The "old standby" finish by Michael Dresdner
Nitrocellulose lacquer has long been a favorite of wood finishers because of its beauty, case of spray application and repairability. In spite of increasing government regulations against its use, it is still one of the most widely used finishes for cabinctry and furniture.
Available in sheens ranging from high gloss to dead flat, lacquer forms a clear, slightly amber film that imparts great clarity and depth to wood. It is easy to apply and dries quickly. Unlike many oil varnishes and waterborne finishes, lacquer can be applied even in unfavorable conditions, such as high humidity, by adjusting its drying time with additives. It also has excellent rubbing-out characteristics and is easy to repair if damaged.
Like any finish, lacquer has its drawbacks. It's only moderately resistant to abrasion, alcohol, water and heat, so it isn't well suited to high-wear surfaces such as kitchen tabletops. And its toxic, flammable solvents demand health and safety precautions. Because the solvents are also air-polluting, government regulations restrict the use of lacquer by large manufacturers in many areas.
Lacqucr forms a film solely by the evaporation of its solvents. Each coat rcdis-solves the previous coat, which means you don't have to sand between coats to ensure adhesion.
A coat of lacquer is so thin when dry—just a mil (0.001 in.) or two—that it hugs the wood, showing every detail and pore. If you want a closed-pore lacquer finish on open-pored woods, you'll have to apply pore filler first. (See 44Just Finishing," AW #27.)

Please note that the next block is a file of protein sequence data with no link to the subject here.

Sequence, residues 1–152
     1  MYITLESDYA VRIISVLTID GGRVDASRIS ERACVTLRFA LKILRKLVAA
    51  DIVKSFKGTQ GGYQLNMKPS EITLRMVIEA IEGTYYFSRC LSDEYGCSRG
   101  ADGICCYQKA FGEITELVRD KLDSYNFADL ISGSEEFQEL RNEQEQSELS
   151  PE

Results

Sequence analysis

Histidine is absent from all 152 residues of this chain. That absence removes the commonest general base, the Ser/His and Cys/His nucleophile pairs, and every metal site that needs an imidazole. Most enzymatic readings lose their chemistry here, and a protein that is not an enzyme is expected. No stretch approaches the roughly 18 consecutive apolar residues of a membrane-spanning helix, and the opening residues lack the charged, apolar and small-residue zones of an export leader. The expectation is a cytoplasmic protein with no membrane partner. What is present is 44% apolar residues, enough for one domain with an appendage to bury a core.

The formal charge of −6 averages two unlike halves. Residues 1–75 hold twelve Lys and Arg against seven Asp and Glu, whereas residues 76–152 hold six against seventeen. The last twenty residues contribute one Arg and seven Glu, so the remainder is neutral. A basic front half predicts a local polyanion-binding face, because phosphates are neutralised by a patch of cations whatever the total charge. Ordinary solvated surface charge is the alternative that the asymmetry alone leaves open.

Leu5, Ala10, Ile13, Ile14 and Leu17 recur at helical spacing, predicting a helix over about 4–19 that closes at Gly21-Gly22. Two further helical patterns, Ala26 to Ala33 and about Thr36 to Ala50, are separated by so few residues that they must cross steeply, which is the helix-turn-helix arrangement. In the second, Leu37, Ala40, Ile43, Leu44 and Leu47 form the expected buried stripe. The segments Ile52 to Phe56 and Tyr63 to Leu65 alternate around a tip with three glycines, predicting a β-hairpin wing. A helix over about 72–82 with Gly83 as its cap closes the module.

There are two ways to apply lacquer: with a brush and by spraying. Spraying is easier and generally results in a much better finish.
Brushing lacquer can be difficult because the finish often begins to dry before the brush marks level out.
Spray or brush. Nitrocellulose lacquer is easy to apply with a spray gun, though in damp, hot or cool conditions, you may need to alter its drying time by adding thinner or retarder. Lacquer made for brushing (right) dries more slowly.
Adding retarder to slow the drying time can help; I'll discuss that below. Or you can use a prcformulatcd, slow-drying lacqucr such as Deft,M (available at many paint stores).
Spraying is the best way to apply lacquer. Both conventional and HVLP guns work well. With a conventional gun, I spray at 30 psi (lbs. per sq. in.) air pressure, using a spray cap with a 0.070-in. (1.75mm) fluid hole. With an HVI.P gun, I prefer a smaller 0.050-in. (1.25mm) hole.
Caution: Lacquer and thinner are highly flammable. If spraying indoors, work in a well-ventilated spray room with explosion-proof fixtures. The fumes are also toxic, so wear a NIOSH-approved respirator when mixing and spraying the finish. Avoid breathing the fumes from the drying finish.
For your first coat on all but the densest woods, use a "sanding sealer"— a mixture of lacqucr and stcaratcs. Sanding sealer builds faster and sands easier than straight lacquer, but the stcaratcs arc soft and slightly opaque, so apply only one or two coats. Too thick a layer can invite chipping of the harder top coat and rob the finish of clarity.
Thin your lacquer or sealer to the consistency of skim milk, or even thinner if you're using a small touch-up gun. Stir the mixture thoroughly before spraying.
Spray each coat just thick enough to get the wood wet and shiny. Applying thicker coats may cause blush. discussed under Troubleshooting, below.
In ideal conditions—70° to 80" F and 40% relative humidity—lacquer dries to the touch in about 15 minutes and is ready to recoat within an hour or two. Even so, I recommend spraying no more than three coats per day. Plenty of drying time between coats keeps underlying coats from shrinking after the top coats cure.
You'll want at least four coats for a durable finish, but you can add more to get a thicker or flatter finish. Although lacquer doesn't require sanding between coats for adhesion, I sand with 220-grit 44self-lubricatingw (stearated) sandpaper between coats if there are any dust nibs.
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